Romance is a complicated thing in 2021 … Director Jacques Audiard’s Paris, 13th District elegantly shows this and gives us hope.
Few films in recent memory feel as modern and understanding of relationships, sex, and love than Paris, 13th District. Director Jacques Audiard and his co-screenwriters Céline Sciamma, Léa Mysius, and Nicolas Livecchi craft an interweaving tale of intimacy and love. One in which the prospect of love in the face of technology, stigmas, social bullying, and general arrogant behavior is tested and often broke.
The film never feels trite or manufactured in what keeps couples from truly connecting. In an era where rom coms have come roaring back to life complete with the clichés in tow, this is refreshing in a way that can only be experienced. The most shocking aspect of Paris, 13th District is there isn’t any aberrant and outright sociopathic behavior keeping couples apart, as is the tradition of the genre. Audiard and company understand life and our own personality can keep us from connecting emotionally, intellectually, and physically.
The cast Lucie Zhang, Makita Samba, Noémie Merlant, and Jehnny Beth are as luminous as cinematographer Paul Guilhaume’s amazing black and white photography. The ensemble each gives winning performances are at turns emotional, funny, and knowing in a way that recalls the relationship dramas of the 1970s. Even the brashest of moments are handled with verisimilitude and subtlety that counteracts what could be considered histrionics.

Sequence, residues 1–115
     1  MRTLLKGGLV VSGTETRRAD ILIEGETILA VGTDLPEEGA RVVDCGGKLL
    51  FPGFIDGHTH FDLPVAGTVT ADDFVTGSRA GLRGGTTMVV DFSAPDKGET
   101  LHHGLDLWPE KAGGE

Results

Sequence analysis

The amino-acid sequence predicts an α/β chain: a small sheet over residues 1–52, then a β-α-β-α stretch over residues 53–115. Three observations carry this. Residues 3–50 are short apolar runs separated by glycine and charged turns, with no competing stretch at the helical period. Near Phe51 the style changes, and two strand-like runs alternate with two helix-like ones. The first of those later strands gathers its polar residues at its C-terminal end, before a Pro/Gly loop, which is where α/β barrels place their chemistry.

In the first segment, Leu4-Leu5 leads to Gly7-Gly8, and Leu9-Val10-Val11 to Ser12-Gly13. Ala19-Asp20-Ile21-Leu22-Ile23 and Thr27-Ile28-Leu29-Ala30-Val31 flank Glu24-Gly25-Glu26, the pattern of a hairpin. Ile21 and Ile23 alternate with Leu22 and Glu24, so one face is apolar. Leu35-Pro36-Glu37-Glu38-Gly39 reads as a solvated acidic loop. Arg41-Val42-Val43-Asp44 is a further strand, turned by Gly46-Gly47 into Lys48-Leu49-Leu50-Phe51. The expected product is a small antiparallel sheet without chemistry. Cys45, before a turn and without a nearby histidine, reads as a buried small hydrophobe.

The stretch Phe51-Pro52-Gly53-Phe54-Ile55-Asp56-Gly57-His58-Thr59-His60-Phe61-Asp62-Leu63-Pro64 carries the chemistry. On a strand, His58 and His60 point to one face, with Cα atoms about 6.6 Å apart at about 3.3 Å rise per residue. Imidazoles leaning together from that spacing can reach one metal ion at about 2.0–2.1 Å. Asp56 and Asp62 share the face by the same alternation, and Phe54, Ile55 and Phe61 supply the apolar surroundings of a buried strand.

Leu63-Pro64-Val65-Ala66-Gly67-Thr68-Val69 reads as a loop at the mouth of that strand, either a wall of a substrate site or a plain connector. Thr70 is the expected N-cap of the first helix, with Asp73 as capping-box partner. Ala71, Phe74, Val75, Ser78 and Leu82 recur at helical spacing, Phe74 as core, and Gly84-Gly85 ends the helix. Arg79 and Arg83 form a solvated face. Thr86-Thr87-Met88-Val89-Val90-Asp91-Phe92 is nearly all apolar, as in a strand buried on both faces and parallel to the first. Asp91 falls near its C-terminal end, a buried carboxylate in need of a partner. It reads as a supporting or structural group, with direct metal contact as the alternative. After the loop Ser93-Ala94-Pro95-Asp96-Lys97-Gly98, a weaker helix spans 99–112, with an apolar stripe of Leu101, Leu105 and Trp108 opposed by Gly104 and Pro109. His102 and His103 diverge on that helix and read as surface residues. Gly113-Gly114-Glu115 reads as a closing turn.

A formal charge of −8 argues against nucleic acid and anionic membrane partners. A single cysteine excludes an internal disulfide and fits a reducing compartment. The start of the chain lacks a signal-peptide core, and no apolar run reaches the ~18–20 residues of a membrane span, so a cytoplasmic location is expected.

Paris, 13th District continues director Audiard’s streak of visually astute films. The work that he and cinematographer Guilhaume do is near revelatory. Their black and white photography manages to be some of the best of recent memory without ever reverting to visual clichés of monuments or iconic visuals of Paris. Rather the duo composes their frame with the human faces and bodies of their subjects. Never exploitative but never shy about the human body in all its shades and forms, there is a resounding beauty to the way the image literally sparkles.
Few films leave one with a warm sense of ease than Paris, 13th District. Its hopeful attitude in human interaction transcends language and earns its moments of true romantic declaration. The simple joys of hearing someone say, “kiss me” and “I love you” are made as moments of triumph. Those words echo the hope and humanity that we can connect as humans is the truly radical notion in Paris, 13th District.